Jeremiah—Final thoughts and ratings: If you’ve read any amount of our reviews, you know that I’m a fan of games that involve lots of cutthroat, competitive, out-smart-the-game-AND-the-other-players elements. And this has a good deal of all of that. There are tons of characters so the replay-ability with the different combinations of characters is pretty high, and I like games that a gathering of 6-8 people can all sit down and play together. I’m giving it a solid 8 overall, for the different groups of folks that I play games with it hits a pretty wide audience.

Firestone—Final thoughts and ratings: This feels like a 7 to me. I like the variable characters, and extra characters, and I felt I had interesting decisions to make. I’ll probably keep it in my bin for a while for game nights, and I think we’ll pull this out when we need a filler. Will it be there 6 months from now? Not sure. It’ll definitely stay in my pile of games to play with youth group or in “party” situations.

We’d like to thank APE Games for furnishing us with copies of Kill the Overlord for this review. Please check them out!

And as always we ask that you spread the social media love, by liking our FaceBook page, and following us on Twitter!

Thanks for reading!

Pictures Worth 1,000 Words: A Dixit Review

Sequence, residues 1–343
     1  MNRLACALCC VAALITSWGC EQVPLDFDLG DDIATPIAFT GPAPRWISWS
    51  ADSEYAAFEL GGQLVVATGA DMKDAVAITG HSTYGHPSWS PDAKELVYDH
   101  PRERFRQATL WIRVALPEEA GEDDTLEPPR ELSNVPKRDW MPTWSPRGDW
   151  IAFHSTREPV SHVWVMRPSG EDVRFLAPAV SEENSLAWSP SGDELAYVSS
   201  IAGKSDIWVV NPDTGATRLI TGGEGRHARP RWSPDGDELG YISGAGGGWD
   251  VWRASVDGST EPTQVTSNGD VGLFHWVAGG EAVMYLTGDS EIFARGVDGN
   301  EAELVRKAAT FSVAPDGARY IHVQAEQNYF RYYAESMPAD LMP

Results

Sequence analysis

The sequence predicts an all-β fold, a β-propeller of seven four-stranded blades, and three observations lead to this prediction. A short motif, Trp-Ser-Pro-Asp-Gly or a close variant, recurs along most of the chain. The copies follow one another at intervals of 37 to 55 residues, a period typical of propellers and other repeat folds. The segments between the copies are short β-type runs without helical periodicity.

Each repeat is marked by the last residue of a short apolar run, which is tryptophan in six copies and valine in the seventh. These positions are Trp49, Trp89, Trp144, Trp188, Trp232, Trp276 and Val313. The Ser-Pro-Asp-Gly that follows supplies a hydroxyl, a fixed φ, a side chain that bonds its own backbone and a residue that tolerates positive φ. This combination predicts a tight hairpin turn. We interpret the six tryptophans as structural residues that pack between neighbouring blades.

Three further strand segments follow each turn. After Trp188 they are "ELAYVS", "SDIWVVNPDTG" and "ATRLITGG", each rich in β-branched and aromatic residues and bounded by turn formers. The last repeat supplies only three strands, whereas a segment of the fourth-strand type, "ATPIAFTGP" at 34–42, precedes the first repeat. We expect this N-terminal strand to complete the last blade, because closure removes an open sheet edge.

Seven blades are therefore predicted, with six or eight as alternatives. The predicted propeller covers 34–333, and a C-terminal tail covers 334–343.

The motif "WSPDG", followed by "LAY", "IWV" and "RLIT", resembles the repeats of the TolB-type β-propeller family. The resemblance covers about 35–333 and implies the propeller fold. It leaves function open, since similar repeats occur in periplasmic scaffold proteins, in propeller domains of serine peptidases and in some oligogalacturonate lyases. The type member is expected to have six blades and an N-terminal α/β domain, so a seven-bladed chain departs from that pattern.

15 01 2013

dixitBy Firestone

Dixit is a little game that came out in 2008. Since its release we’ve seen half-a-dozen sequels, expansions, offshoots, and weird siblings—and with good reason: It’s a clever, fun game for a crowd.

There are numerous versions floating around out there, but for now, each of them plays basically the same. The box is full of cards with whimsical and interesting pictures on them. It’s not really possible to describe what’s on the cards, but that’s kind of the point. Each person has a hand of these cards. Each person in turn order is the Start Player; they choose a card from in hand, say a phrase or word that describes what’s on the card, and place the card face down. The phrase/word can be as literal, obvious, or abstruse as you want. Then every other player chooses a card from their hand that they feel that word/phrase could describe—because they’re trying to steal votes and points from the active player.

rushmoreEveryone secretly votes on which card they think is the Active Player’s card, then you reveal which one is the right card, and score. If everyone guesses the Active Player’s card, they all get two points and the active player gets none. If no one picks the Active Player’s card, everyone else gets two points (plus another point for each vote on the card they put down) and again, the Active Player gets none. If at least one person picks the Active Player’s card, the Active Player gets three points, every person who chose the correct card get three points, and each person gets a point for any votes on the card they put down. So as you can see, you want to choose a word or phrase that’s not too obvious, but not too esoteric, either. It’s an interesting challenge.